I read with concern and dismay about accidents involving delivery riders on e-bikes and vehicles on the road.
Most recent was the accident in Kovan, in which a food delivery rider on an e-bike died after allegedly being struck by a car.
There was also the accident last year involving a rider on a power-assisted bicycle (GrabFood rider in ICU with punctured lungs and spleen, blood clot in brain after Jalan Kayu accident, Aug 6, 2020).
We should allow e-bikes to be used responsibly on footpaths before more lives and limbs are lost.
There is no reason why regulations cannot be aligned with those for regular bicycles, to allow e-bikes to coexist safely with pedestrians.
On footpaths, the motors on e-bikes can be shut off, and users can then cycle at speeds similar to that of regular bikes.
An outright ban on e-bike users using footpaths does not make sense as we also need to protect the lives and livelihoods of delivery riders, who risk their lives every day to deliver essential goods to people in these unique times.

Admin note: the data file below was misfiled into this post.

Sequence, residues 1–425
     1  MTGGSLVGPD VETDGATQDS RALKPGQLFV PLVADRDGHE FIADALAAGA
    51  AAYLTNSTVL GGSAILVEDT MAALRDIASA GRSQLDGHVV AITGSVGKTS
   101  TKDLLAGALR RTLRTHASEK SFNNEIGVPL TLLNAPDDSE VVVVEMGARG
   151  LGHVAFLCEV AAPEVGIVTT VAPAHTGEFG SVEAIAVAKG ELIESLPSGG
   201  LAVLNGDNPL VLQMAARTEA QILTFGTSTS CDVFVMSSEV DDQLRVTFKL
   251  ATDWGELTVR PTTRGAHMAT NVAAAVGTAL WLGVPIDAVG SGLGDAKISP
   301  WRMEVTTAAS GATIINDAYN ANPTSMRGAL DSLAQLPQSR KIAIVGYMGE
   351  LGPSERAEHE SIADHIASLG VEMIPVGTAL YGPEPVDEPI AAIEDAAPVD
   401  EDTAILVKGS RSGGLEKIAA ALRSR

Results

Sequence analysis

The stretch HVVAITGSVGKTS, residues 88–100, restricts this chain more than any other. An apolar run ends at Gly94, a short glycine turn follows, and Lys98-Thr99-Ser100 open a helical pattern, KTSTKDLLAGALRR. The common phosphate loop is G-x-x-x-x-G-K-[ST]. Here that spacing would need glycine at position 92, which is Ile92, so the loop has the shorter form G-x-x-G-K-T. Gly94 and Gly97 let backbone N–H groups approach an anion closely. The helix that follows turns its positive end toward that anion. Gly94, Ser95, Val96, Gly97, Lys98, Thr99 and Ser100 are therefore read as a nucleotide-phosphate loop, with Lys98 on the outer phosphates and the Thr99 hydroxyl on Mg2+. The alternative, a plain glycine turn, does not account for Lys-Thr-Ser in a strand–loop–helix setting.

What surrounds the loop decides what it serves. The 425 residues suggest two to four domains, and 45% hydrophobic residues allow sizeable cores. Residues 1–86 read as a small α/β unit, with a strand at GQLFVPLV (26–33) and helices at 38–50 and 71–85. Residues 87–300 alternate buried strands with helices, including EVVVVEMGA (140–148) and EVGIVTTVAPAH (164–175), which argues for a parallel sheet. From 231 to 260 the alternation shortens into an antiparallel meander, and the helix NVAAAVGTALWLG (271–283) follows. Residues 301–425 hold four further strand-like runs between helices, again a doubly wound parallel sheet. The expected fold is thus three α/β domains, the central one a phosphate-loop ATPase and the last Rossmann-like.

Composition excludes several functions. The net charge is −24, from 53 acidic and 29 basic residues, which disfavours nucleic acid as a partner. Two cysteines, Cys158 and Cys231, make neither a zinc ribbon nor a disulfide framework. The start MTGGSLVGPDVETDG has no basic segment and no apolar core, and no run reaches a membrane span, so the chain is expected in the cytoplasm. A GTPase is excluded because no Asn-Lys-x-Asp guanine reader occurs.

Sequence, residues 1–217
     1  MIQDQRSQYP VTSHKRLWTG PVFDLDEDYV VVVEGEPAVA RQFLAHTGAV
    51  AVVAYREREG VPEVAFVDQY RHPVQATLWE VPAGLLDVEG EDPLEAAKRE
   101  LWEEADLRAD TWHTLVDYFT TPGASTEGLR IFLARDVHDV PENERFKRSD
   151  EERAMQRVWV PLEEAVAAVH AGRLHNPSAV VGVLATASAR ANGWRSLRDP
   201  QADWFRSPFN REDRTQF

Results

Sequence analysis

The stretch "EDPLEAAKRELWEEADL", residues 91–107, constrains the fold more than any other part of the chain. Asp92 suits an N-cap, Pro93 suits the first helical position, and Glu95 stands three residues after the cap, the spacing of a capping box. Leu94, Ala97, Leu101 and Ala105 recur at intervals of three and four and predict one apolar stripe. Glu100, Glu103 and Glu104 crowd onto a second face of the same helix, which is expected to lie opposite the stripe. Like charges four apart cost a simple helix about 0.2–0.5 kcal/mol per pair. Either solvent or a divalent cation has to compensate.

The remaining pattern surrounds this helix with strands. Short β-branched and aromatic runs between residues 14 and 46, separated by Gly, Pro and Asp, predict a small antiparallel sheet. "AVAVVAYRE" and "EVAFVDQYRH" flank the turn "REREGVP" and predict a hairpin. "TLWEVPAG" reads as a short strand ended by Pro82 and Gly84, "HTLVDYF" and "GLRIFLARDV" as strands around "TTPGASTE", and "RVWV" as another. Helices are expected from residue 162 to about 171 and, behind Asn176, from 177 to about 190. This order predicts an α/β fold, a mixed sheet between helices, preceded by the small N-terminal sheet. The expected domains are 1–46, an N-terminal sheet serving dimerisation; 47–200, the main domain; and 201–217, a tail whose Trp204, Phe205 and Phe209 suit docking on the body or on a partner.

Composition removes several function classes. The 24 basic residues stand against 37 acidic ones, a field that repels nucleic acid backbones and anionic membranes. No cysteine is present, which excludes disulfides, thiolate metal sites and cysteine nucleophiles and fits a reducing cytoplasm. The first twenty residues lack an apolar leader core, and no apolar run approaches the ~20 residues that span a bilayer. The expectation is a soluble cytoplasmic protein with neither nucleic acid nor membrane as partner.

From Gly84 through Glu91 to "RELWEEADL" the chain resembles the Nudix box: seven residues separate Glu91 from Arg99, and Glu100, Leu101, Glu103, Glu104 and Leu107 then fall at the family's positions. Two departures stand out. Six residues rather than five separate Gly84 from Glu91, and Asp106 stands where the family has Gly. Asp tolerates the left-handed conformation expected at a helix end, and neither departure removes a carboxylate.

Not every e-biker has the experience and know-how to travel on roads, especially when they are carrying food packs, and this makes them vulnerable to impatient and speeding drivers.
Having mandatory tests for e-bike riders may help keep them safer.
But until Singapore's road culture matures to an acceptable level and there are more bicycle lanes, there is no reason for an outright ban on responsible e-bike users on footpaths.
I urge the authorities to at least study the feasibility of easing the outright ban.
Darren Nathaniel Cheong Jun Kang